Community cancer treatment saves patients time and money

Madam Maimunah Abu Baker no longer had to take a 45-minute bus ride to the National University Cancer Institute (NCIS) at Kent Ridge. ST PHOTO: ONG WEE JIN

SINGAPORE - It takes Madam Maimunah Abu Baker just a 10-minute walk to get the chemotherapy and other treatment she needs in her fight against stage 4 breast cancer.

A satellite treatment centre opened at Keat Hong Community Club in Choa Chu Kang in 2017 means she no longer has to take a 45-minute bus ride to the National University Cancer Institute (NCIS)at Kent Ridge, after it allowed her to get treatment locally in August last year.

"It's nearer and very convenient," said the 57-year-old housewife.

The NCIS opened two such centres in February 2017 - the other is located at Jurong Medical Centre - and the number of patients using them has been rising steadily.

Associate Professor Lee Soo Chin, who heads the NCIS' Department of Haematology-Oncology, told The Straits Times that 326 different patients visited the centres in their first year, with the number growing to 406 last year. It is projected to rise to 672 this year.

Known as the NCIS-on-the-Go programme, it serves patients who underwent initial chemotherapy treatment at the NCIS, and have been certified safe by doctors to receive subsequent treatment in the community.

A total of 37 blood tests and 13 treatments are performed by oncology nurses at the centres. These include blood taking, caring for long-term intravenous lines, anti-cancer or supportive treatments that can be administered under the skin, and the removal of chemotherapy infusion pumps.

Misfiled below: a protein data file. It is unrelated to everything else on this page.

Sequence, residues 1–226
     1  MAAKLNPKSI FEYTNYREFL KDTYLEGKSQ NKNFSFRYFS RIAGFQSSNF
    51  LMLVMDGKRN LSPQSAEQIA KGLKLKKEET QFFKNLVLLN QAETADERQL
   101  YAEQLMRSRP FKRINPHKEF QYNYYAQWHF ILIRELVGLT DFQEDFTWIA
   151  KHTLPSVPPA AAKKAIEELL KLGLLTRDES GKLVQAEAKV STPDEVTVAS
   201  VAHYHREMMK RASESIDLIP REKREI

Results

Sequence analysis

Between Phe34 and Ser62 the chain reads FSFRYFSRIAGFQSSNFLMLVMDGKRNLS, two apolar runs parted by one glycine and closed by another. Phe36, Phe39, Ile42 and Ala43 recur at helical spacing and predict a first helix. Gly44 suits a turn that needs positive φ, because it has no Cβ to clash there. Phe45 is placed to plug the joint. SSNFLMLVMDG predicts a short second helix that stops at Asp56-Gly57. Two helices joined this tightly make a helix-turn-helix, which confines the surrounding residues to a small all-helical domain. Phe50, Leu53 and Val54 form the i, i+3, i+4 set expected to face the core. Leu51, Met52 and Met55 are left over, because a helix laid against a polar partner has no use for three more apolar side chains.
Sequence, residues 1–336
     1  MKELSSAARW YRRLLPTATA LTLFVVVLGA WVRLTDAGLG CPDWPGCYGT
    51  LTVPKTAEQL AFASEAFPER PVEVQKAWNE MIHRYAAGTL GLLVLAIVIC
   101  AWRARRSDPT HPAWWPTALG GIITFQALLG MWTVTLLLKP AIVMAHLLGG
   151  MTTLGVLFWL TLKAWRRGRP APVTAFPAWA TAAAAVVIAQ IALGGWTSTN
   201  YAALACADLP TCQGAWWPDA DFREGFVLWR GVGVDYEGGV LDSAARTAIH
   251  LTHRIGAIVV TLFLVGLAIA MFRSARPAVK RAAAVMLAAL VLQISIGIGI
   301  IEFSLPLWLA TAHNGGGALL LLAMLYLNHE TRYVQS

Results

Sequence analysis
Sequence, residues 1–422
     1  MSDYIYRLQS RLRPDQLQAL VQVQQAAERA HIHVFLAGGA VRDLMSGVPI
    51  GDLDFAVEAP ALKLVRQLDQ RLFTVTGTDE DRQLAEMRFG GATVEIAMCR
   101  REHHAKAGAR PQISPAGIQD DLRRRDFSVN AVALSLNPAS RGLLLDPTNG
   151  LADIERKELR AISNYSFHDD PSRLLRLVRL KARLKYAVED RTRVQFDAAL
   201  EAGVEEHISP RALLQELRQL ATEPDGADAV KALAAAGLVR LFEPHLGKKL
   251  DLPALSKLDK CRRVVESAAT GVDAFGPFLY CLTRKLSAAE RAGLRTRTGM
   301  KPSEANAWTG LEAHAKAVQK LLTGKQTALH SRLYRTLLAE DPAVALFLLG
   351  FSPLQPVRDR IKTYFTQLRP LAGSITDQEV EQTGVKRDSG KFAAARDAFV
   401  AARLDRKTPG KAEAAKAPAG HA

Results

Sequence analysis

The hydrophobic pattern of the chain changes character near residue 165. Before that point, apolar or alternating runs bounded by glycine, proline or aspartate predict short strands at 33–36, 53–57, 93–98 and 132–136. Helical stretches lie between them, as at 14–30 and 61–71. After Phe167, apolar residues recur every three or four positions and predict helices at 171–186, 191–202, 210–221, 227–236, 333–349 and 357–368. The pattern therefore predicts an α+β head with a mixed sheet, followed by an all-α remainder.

The centres were set up to cope with growing demand at the NCIS.

"Many patients who require simple treatments can be safely treated in the community setting," added Prof Lee. "By moving simple cancer treatments to the community, low-risk patients who live near satellite centres benefit by saving travelling time, waiting time, as well as travelling costs."

A survey of 53 patients last year found that a quarter could walk to the centres, and 85 per cent saved 20 minutes or more in travelling time.

Nearly 70 per cent of patients saved at least 30 minutes of waiting time, and four-fifths of them saved at least $5 per trip.

The benefits also extend to patients with complex needs, who are now able to get earlier appointments for treatment at the NCIS, said Prof Lee.

Patients with complex treatments may need to spend up to eight hours there, while simple treatments can take a few minutes.

The treatments cost the same at the satellite treatment centres and the NCIS, but patients pay an additional $5 to have their medication delivered to the centres.

With the encouraging turnout, NCIS plans to add a short infusion drip, which delivers medication like bone protection drugs intravenously, by end of the year.

Prof Lee said that the NCIS hopes to open more satellite treatment centres, with possible locations including Boon Lay, Woodlands, Bukit Batok and Punggol.

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